Murphy: When is Killing an Animal Okay?

March 19, 2018 09:35 AM
 
To kill or not to kill — that is the question over which animal activists wax eloquent, with the answer inevitably being ‘Never!’ But is that proscription a moral absolute, or an existential variable?

Is it ever acceptable to deliberately kill an animal — when it’s food for another animal, that is, rather than for one of us?

That issue’s up for debate (again), following an alleged after-school stunt by an Idaho junior high school teacher that has both animal welfare groups and ordinary citizens up in arms.

We’re not including livestock in this discussion, because activists always demand that all farm animals be set free, or sent to sanctuaries to die of old age, or whatever other equally ridiculous recommendations they propose as the means to eliminate animal agriculture.

No, this debate is over an incident — unconfirmed by the authorities, it should be mentioned — in which one animal ate another animal; commonplace in the wild, most would acknowledge, but horrific in a classroom, according to majority opinion.

An additional complication in sorting out where any moral outrage should be directed is the fact that this incident involved an invasive species that was illegal for the teacher in question to own as a pet.

Here’s a brief recap of what happened, on the odd chance you haven’t already soaked up the gory details on social media.

Invasive, and Nasty
A Preston, Idaho, junior high school science teacher named Robert Crosland — a well-liked teacher, it should be noted — in front of some students, allegedly fed his pet snapping turtle a live but sick puppy.

Which was pretty much the exact characterization directed at Mr. Crosland when complaints about his actions began pouring into school district offices and to animal welfare organizations in the area.

The Idaho Statesman classified the protests as a “tidal wave of public outrage,” including phone calls and emails from around the country. Although no charges have yet been filed, school district officials, as well as the sheriff’s office in Franklin County (located in southeast Idaho bordering Utah and Wyoming) are investigating the incident.

Meanwhile, the Idaho Department of Fish and Game has apparently confiscated his snapping turtle, considered an invasive species in Idaho.

Probably for good reason. Native to the Eastern U.S. and brought to the West as pets, the snapping turtle is characterized as a “robust, aquatic turtle” that can weigh up to 90 pounds and is a “highly adaptable omnivore at the top of the food chain in its habitat,” according to the Fish and Game website.

Charlie Justus, regional conservation officer for Idaho Fish and Game, explained that snapping turtles are considered invasive because “They compete with our natural wildlife,” he told the newspaper.

Although snapping turtles can be found up and down the Boise River, Justus said a permit is required to keep one. A person found to have one without a permit can be charged with a misdemeanor.

Of Mice and Men — and Puppies
Now, if the turtle in question were living in the wild — east of the Mississippi, let’s stipulate — there would be no issue with its consumption of some unlucky prey, although a puppy wouldn’t likely be on its regular menu.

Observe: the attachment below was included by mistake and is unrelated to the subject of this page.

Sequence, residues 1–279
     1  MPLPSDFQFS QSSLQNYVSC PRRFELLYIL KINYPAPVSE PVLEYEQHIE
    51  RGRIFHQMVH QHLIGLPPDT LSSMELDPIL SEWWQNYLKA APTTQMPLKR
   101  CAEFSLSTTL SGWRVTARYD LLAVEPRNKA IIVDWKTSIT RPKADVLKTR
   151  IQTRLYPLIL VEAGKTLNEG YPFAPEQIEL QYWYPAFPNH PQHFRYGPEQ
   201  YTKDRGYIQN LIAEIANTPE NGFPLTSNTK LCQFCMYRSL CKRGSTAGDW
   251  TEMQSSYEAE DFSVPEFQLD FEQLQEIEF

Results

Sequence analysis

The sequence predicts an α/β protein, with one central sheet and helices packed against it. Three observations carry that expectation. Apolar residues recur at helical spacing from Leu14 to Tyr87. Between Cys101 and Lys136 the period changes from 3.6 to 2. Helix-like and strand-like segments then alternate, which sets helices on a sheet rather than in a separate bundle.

Thus, the fact that the incident took place in Idaho clouds the already muddied waters, and not just in whatever tank the turtle’s living.

But now we come to the more pressing question: Is it okay to feed predator animals with live prey? Animal welfare advocates say absolutely not. No way, no how, never ever.

“People are really upset, [and] we share the concern and the outrage,” Jeff Rosenthal, executive director of the Idaho Humane Society, told the Idaho Statesman. Rosenthal suggested that feeding a live puppy to a turtle would be a clear violation of the state’s animal cruelty statutes.

But what about feeding a live mouse to a pet snake? Is that animal cruelty? Or feeding a live worm or an insect to a chicken? And what about all those cute, adorable pet kitties, who annually kill millions of birds, rodents and even equally cute baby bunnies? They’re not wild animals hunting to survive. Is that considered “cruelty” on the part of the cats’ owners?

It seems the problem here isn’t so much that some predator ate another animal for dinner, but that the victim was a puppy, and that the killing took place in front of impressionable kids.

At the end of the day, what (allegedly) happened was reckless and ill-advised — at best — on the part of the teacher. He’s not exactly serving as an admirable role model by keeping a snapping turtle illegally, and then allowing it to kill and eat a puppy in front of young people.

But wait: there’s yet an additionally troubling coda to this already ugly story.

According to the newspaper’s reporting, the Preston woman who reported the incident to the police said “she’s now a pariah” in that small town of 5,200 people.

“I’ve been threatened,” said Jill Parrish. “This is a cut-and-dried case of animal cruelty. But they’re saying, ‘The teacher is a good teacher.’ Everybody loves him.”

In fact, more than 2,600 people have apparently signed an online petition in support of the accused teacher and are demanding that he retain his job.

Could the answer to the question of whether it’s okay to kill an animal get any murkier? Tell us what you think.

Editor’s Note: The opinions in this commentary are those of Dan Murphy, a veteran journalist and commentator.

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